Bone health promoting behaviours were based on those reported in the literature,2 8 19 which assess the following four dimensions. First, physical activity level was determined according to whether a participant regularly (usually/always) exercises for >30 min per day, for 150 min per week and for >3 days or irregularly (seldom/never) engages in physical activity and for ≤3 days. Second, sun exposure was measured by asking the participant “How often do you go out and let your hands, face, and arms be exposed to the sun for 10 min at least 3 times per week?” Their exposure was classified as regular (usually/always) if they responded greater than two times per week and as irregular (seldom or never) if they responded less than or equal to two times per week. Third, whether their diet contained calcium and vitamin D was determined by the question, “How often do you consume food that is rich in calcium or vitamin D (eg, meat, milk, fish, cheese, beans, and dark-colored vegetables) each day?” The response was classified as regular (usually/always) if they answered >3 days per week or irregular (seldom or never) if they answered less than or equal to three times per week. Fourth, medication or supplements for bone health were determined by the question, “Have you taken supplements with calcium or medication prescribed by physicians (eg, anti-osteoclast medications, calcitonin, bisphosphonates, teriparatide, or estrogen-related hormone therapy)?” The response was classified as regular (usually) if they had taken these medications/supplements >3 days per week or as irregular (seldom or never) if they had taken these medications/supplements ≤3 days per week.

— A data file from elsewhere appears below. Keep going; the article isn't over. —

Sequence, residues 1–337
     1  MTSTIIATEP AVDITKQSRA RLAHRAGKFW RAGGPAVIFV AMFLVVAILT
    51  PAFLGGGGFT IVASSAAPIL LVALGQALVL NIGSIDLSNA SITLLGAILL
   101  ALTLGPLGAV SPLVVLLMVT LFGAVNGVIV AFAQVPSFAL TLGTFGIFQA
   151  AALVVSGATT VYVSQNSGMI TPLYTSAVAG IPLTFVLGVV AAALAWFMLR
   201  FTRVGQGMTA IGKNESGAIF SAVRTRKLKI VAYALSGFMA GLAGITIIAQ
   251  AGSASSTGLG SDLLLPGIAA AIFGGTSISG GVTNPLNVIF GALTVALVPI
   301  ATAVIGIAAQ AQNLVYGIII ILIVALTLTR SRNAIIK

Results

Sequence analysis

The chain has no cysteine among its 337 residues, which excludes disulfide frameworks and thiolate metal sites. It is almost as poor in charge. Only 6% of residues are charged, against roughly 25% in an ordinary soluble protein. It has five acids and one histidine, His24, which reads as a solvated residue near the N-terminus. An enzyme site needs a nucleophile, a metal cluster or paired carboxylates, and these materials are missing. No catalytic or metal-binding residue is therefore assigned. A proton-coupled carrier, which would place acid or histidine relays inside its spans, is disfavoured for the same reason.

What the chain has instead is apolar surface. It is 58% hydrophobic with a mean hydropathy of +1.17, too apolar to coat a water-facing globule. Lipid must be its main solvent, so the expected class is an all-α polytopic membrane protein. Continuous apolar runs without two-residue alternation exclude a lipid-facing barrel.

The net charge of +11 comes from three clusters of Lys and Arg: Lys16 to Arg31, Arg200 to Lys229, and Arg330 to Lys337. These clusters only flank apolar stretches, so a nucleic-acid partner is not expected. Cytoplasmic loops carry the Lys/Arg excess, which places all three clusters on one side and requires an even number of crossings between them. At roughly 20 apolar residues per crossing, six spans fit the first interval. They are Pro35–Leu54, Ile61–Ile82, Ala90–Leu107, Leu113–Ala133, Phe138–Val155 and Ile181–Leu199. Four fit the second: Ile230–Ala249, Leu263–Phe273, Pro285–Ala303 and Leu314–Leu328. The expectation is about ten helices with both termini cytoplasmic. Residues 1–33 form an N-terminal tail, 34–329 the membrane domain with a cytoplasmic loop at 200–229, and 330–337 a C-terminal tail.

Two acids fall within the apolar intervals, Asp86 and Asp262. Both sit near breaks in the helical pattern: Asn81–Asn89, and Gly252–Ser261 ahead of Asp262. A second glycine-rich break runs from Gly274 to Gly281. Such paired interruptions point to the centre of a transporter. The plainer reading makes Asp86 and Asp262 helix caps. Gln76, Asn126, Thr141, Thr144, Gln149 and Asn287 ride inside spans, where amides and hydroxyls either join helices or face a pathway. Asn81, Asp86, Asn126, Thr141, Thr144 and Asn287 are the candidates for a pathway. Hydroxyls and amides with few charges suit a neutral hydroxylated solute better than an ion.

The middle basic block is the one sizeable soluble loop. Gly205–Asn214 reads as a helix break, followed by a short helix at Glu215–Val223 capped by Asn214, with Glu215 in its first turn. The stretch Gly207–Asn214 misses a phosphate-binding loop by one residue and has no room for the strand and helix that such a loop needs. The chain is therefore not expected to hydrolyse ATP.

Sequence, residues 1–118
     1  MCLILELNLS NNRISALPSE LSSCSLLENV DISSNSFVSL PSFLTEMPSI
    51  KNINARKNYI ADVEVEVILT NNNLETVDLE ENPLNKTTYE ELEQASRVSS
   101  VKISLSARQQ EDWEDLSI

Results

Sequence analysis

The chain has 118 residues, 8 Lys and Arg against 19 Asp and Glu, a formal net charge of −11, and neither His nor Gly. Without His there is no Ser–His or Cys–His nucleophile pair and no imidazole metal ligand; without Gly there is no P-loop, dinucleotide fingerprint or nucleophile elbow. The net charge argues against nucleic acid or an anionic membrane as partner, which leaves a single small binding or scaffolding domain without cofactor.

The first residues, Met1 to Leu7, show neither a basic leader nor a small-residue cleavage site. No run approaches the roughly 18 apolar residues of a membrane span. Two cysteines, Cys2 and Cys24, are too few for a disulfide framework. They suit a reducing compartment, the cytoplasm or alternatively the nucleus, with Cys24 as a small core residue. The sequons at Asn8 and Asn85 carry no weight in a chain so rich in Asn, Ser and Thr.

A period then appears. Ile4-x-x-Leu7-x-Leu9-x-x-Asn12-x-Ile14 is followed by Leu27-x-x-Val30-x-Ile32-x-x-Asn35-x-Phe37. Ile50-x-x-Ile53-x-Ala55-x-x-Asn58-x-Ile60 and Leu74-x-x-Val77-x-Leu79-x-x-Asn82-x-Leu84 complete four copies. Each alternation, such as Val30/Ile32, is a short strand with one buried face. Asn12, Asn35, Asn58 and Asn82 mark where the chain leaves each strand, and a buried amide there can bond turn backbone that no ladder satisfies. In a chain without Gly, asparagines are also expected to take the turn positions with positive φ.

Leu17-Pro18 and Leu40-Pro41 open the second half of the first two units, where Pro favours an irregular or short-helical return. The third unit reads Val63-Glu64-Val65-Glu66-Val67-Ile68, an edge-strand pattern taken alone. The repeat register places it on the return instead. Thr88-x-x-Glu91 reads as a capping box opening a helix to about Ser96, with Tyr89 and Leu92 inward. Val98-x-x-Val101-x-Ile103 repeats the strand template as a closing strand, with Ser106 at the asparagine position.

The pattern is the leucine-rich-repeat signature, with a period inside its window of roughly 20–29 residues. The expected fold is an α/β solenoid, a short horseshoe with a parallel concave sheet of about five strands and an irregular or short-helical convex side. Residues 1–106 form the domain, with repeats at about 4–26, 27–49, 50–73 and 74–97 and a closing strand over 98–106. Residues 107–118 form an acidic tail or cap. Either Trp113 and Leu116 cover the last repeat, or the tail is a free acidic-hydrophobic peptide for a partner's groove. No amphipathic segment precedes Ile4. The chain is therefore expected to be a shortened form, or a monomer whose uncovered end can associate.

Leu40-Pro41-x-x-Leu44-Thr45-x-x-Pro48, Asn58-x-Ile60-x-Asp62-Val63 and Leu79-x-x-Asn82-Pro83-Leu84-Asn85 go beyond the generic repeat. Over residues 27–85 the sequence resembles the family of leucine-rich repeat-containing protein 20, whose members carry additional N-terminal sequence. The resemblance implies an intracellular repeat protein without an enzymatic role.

Cigarette smoking and alcohol drinking were classified as either (1) never having engaged in cigarette or alcohol consumption or (2) currently consume or formerly consumed.
Procedure and ethical considerations
This study was approved by an institutional review board ethical committee (number 104-9925B) and conducted in accordance with the principles of the Declaration of Helsinki (2008). All research assistants were senior nursing students who underwent 8 hours of training via two training programmes provided by the investigators. The research assistants measured the height, weight, waist circumference and blood pressure of participants, according to standard procedures. Specimen biomarkers were collected by the collaborating hospital with 8 hours of fasting on the same day.